Not surprisingly, expectations ran extraordinarily high for their next album, 2001's Celebrity. Although the album did well, eventually selling well over 5 million units,Celebrity fell far short of the 15 million copies sold of No Strings Attached. Soon after the completion of the Celebrity tour in 2002, 'NSync issued a press release stating that the group would be taking a sabbatical from the recording studio. As expected, Timberlake used the time off to pursue his long-rumored solo project. Tired of his squeaky-clean image, Timberlake actively sought out help from hip-hop producers Pharrell Williams and Timbaland to help him craft a sexier, edgier new sound. Mindful of his old fan base, Timberlake also hired R&B singer-producer Brian McKnight to polish his sexy, pop-friendly ballads. Released in November 2002, Justified debuted at No. 2 on the charts and eventually went seven times platinum. In addition to winning the Grammy for Best Pop Vocal Album of the year, Justified also spawned a Grammy-winning single "Cry Me a River," and a video that took an obvious swipe at his now ex-girlfriend Spears.
Alas, Timberlake's road to success was not without its share of bumps In February 2004, the singer found himself thrust into the center of controversy as the result of a performance during the Super Bowl XXXVIII half-time show. Scheduled to sing "Rock Your Body" live on-stage alongside Janet Jackson, Timberlake surprised audiences with an especially sultry rendition and sexually suggestive choreography. At the climax of the song, Timberlake tore off a part of Jackson's black leather outfit as part of a planned costume reveal. As part of her outfit detached, however, Jackson's right breast - complete with metal nipple cover - was briefly exposed before 140 million viewers worldwide. The fallout from this so-called "wardrobe malfunction" was surprisingly intense. The next day, CBS (the network that aired the Super Bowl that year) issued a press release, expressing outrage over the incident. Pressured into offering a mea culpa, Timberlake publicly apologized for the incident at the 2004 Grammy Awards. For her part, Jackson seemed less contrite. Ironically, it was she, much more so than Timberlake, who ended up taking the brunt of the controversy.
The only thing hotter than Timberlake's recording career was his personal life. Between 1998 to 2007, Timberlake was romantically linked with a bevy of A-list starlets and songstresses, starting with pop queen and former Mouseketeer, Spears. The relationship ended after four years in 2002 amid speculations of her infidelity which he had so blatantly revealed to the world with his "Cry Me a River" video, complete w/ a cheating Britney look-a-like. The two would, however, remain friendly after the break-up. After his split with Spears, Timberlake entered into another long-term romance, this time with actress Cameron Diaz. The love connection between these two young, beautiful, and highly successful individuals lasted nearly four years, during which time the athletic twosome graced the covers of countless supermarket tabloids, often seeing golfing or surfing. In early 2007, however, the couple confirmed what many gossip columnists had predicted by splitting up. Timberlake reportedly wasted no time embracing his bachelorhood. Following his break-up with Diaz, Timberlake was publicly spotted in the company of some of Tinseltown's hottest ingénues, including a rumored Jessica Biel and Scarlett Johansson.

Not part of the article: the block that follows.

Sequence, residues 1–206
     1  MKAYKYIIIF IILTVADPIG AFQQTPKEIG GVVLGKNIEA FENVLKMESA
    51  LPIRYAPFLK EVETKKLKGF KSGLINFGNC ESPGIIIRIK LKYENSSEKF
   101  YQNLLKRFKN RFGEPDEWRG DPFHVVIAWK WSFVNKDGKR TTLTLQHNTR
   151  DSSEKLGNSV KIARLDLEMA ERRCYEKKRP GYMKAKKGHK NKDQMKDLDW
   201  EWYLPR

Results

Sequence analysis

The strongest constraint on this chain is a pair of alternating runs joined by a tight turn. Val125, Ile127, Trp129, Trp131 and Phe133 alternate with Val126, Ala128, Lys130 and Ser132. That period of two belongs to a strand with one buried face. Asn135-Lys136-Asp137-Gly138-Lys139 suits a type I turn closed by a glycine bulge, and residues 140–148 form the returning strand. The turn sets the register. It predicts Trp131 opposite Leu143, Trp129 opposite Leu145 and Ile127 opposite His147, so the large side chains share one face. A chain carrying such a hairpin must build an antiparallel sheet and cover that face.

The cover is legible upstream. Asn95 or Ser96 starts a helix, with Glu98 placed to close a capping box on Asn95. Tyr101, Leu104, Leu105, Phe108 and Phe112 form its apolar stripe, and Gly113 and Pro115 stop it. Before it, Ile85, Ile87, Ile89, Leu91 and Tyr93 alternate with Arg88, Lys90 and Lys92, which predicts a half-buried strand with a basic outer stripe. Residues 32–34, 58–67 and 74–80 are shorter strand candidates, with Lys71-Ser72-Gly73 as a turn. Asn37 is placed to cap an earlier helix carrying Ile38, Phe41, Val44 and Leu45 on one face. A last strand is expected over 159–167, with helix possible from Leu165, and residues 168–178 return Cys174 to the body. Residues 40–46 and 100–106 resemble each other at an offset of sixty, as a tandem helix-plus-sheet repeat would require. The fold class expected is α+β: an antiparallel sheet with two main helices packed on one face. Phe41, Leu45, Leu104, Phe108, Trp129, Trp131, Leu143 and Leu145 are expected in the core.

In September 2006, Timberlake released his second solo album, FutureSex/LoveSounds, which debuted at No. 1 on the Billboard charts. To promote the album, Timberlake appeared on "Saturday Night Live" (NBC, 1975- ) as both guest host and musical guest. The highlight of the evening was a mock music video that featured Timberlake and "S.N.L." regular Andy Samberg for a '90s-style R&B ballad called "D--k in a Box." Shockingly vulgar and riotously funny, the song quickly gained a cult following on the internet, becoming one of the most viewed video clips on the new web app YouTube. In addition to spawning two hit singles - "SexyBack" and "My Love (featuring T.I.)" - FutureSex/LoveSounds also garnered Timberlake two more Grammys for Best Dance Recording and Best Rap/Collaboration. Hot off his latest musical triumphs, Timberlake launched his acting career in earnest during 2007. Though Timberlake had a few small film roles in the past - such as in the 2006 direct-to-video thriller, "Edison Force" - Timberlake's first true role of substance was as Frankie Ballenbacher in director Nick Cassavettes' "Alpha Dog" (2007). Based on the true-life story of baby-faced drug dealer, Jesse James Hollywood, "Alpha Dog" fared poorly at the box office, despite a strong marketing push from Universal Pictures. Timberlake's next project, the unsettling "Black Snake Moan" (2007) did nominally better, but reception of Timberlake's performance was decidedly mixed. Timberlake was such a hot property on so many levels, however, that Hollywood hardly cared, lining up to land the singer-turned-actor for roles in future film projects.
After earning a Grammy nod in 2008 for his collaboration with Madonna on "4 Minutes" off her Hard Candy album, Timberlake received an Emmy Award win in 2009 for Outstanding Guest Actor in a Comedy Series for his hosting stint on "Saturday Night Live" (NBC, 1975- ), in which he reunited with cast member Samberg for their hilariously inappropriate follow-up called "MotherLover." On the big screen, he earned his biggest acclaim to date for his portrayal of former Facebook executive and Napster founder Sean Parker in the Academy Award-baiting drama "The Social Network" (2010). Meanwhile, he again hosted "SNL" and went on to receive an Emmy Award nomination for Outstanding Guest Actor in 2011. On the business end of things, Timberlake took an ownership stake in MySpace after News Corp. sold the flailing company for a paltry $30-40 million in 2011 after plunking down $580 million six years prior. Though the details of the deal remained murky, Timberlake stated that he planned on using the site - which had transformed into a music promotion site after Facebook took over the social networking scene - to premiere original content while allowing fans to interact with artists. The planned relaunch proved unsuccessful, a rare misstep for the budding mogul.